A covalent bond in which the shared electron pair is not shared equally, but remains closer to one atom than the other, is a polar covalent bond. Unequal sharing of electrons causes the more electronegative atom of the bond to be partially negative and the less electronegative atom to be partially positive. The ability of an atom in a covalent bond to attract the shared electron pair is called its electronegativity. Electronegativity and Bond Polarity
Polar covalent bonds are much more common than either pure ionic or pure covalent bonds. Bonding between the models.
The Pauling electronegativity (EN) scale.
In general electronegativity decreases down a group as atomic size increases. In general electronegativity increases across a period as atomic size decreases. Nonmetals are more electronegative than metals. The most electronegative element is fluorine. Trends in Electronegativity
Electronegativity and atomic size.
Electronegativity and Oxidation Number The more electronegative atom is assigned all the shared electrons. The less electronegative atom is assigned none of the shared electrons. Each atom in a bond is assigned all of its unshared electrons. O.N. = # of valence e - (# of shared e - + # of unshared e - ) Electronegativities can be used to assign oxidation numbers:
Example: Cl is more electronegative than H, so for Cl: valence e - = 7 shared e - = 2 unshared e - = 6 O.N. = 7 – (2 + 6) = -1 H is less electronegative than Cl, so for H: valence e - = 1 shared e - = 0 (all shared e - assigned to Cl) unshared e - = 0 O.N. = 1 – (0 + 0) = +1
The unequal sharing of electrons can be depicted by a vector. The head of the arrow points to the from the more negative to the more positive element. A polar bond can also be marked using δ+ and δ- symbols. Depicting Polar Bonds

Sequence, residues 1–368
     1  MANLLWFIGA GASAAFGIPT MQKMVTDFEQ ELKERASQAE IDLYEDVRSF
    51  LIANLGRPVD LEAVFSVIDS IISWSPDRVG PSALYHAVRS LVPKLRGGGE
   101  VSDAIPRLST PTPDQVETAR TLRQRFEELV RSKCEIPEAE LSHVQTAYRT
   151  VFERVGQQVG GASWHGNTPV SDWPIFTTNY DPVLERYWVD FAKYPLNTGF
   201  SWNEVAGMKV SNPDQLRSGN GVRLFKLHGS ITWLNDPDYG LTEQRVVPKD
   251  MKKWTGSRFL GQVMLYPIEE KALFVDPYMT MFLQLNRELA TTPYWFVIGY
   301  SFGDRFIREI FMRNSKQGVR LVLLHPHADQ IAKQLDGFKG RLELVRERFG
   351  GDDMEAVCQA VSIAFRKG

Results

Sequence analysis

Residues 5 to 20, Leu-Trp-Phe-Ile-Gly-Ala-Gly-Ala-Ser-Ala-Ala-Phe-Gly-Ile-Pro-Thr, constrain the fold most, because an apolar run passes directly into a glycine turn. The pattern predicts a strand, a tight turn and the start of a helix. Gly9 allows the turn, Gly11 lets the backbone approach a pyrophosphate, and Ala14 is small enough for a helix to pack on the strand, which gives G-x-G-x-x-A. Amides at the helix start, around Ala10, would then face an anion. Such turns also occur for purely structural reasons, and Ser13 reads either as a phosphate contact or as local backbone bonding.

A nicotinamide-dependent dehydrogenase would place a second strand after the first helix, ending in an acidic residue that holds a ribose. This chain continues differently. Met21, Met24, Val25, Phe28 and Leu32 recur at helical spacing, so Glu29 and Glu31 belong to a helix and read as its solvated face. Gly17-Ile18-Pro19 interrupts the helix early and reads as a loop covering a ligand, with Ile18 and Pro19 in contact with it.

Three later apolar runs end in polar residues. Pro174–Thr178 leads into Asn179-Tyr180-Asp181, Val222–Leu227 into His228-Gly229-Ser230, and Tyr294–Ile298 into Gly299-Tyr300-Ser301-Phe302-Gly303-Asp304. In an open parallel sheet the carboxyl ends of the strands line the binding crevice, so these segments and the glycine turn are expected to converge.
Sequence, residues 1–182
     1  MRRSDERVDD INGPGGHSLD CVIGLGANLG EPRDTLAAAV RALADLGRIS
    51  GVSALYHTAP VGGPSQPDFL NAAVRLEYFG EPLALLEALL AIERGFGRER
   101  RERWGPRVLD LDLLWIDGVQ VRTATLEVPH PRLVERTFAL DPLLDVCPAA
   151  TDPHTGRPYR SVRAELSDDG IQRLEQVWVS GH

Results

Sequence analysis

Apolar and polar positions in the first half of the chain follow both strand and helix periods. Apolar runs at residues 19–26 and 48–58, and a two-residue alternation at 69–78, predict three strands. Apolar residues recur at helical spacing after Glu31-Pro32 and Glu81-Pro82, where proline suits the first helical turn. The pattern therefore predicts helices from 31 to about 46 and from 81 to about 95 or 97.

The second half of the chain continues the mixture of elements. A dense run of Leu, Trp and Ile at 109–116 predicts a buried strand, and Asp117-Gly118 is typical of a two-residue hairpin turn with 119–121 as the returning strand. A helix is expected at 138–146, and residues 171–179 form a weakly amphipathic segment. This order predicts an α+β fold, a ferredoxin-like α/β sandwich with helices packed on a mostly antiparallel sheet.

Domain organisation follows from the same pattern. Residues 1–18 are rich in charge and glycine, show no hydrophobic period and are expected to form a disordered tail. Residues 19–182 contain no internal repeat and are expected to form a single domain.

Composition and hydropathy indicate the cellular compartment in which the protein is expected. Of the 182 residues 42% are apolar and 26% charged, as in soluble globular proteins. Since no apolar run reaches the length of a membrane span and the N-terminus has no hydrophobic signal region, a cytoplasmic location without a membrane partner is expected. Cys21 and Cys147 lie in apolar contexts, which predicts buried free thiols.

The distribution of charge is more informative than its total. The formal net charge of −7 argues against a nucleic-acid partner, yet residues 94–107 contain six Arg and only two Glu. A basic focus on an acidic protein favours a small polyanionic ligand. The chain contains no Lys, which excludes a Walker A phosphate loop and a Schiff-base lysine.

In HF, the electron density shifts from H to F. The H–F bond has partial ionic character. Electron density distributions in H 2, F 2, and HF.
ΔEN ranges for classifying the partial ionic character of bonds.
Percent ionic character as a function of EN.
Sample Problem 9.4 Determining Bond Polarity from EN Values PROBLEM:(a) Use a polar arrow to indicate the polarity of each bond: N–H, F – N, I – Cl. (b) Rank the following bonds in order of increasing polarity: H – N, H – O, H – C. PLAN:(a) We use Figure 9.21 to find the EN values for each element. The polar arrow points toward the more electronegative element. (b) The greater the EN between the atoms, the more polar the bond. SOLUTION:(a) The EN values are: N = 3.0, H = 2.1; F = 4.0; I = 2.5, Cl = 3.0 N–HN–H F–NF–N I –Cl
Sample Problem 9.4 EN for H–N = 3.0 – 2.1 = 0.9 EN for H–O = 3.5 – 2.1 = 1.4 EN for H–C = 2.5 – 2.1 = 0.4 H-C < H-N < H-O (b) The EN values are: N = 3.0, H = 2.1; O = 3.5; C = 2.5
There is a steady increase in electron sharing from left to right. Electron density distributions in bonds of the Period 3 chlorides.
As EN decreases, melting point and electrical conductivity decrease because the bond type changes from ionic to polar covalent to nonpolar covalent. Properties of the Period 3 chlorides.
The electron sea model of metallic bonding proposes that: Metallic Bonding All metal atoms in the sample contribute their valence electrons to form a delocalized electron “sea”. The metal “ions” (nuclei with core electrons) lie in an orderly array within this mobile sea. All the atoms in the sample share the electrons. The metal is held together by the attraction between the metal “cations” and the “sea” of valence electrons.
Properties of Metals Metals are generally solids with moderate to high melting points and much higher boiling points. –Melting points decrease down a group and increase across a period. Metals can be shaped without breaking. –The electron sea allows the metal ions to slide past each other. Metals are good conductors of electricity in both the solid and liquid states. –The electron sea is mobile in both phases. Metals are good conductors of heat.
Table 9.5 Melting and Boiling Points of Some Metals Elementmp (°C)bp (°C) Lithium (Li) Tin (Sn) Aluminum (Al) Barium (Ba) Silver (Ag) Copper (Cu) Uranium (U)
Melting points of the Group 1 and Group 2 metals.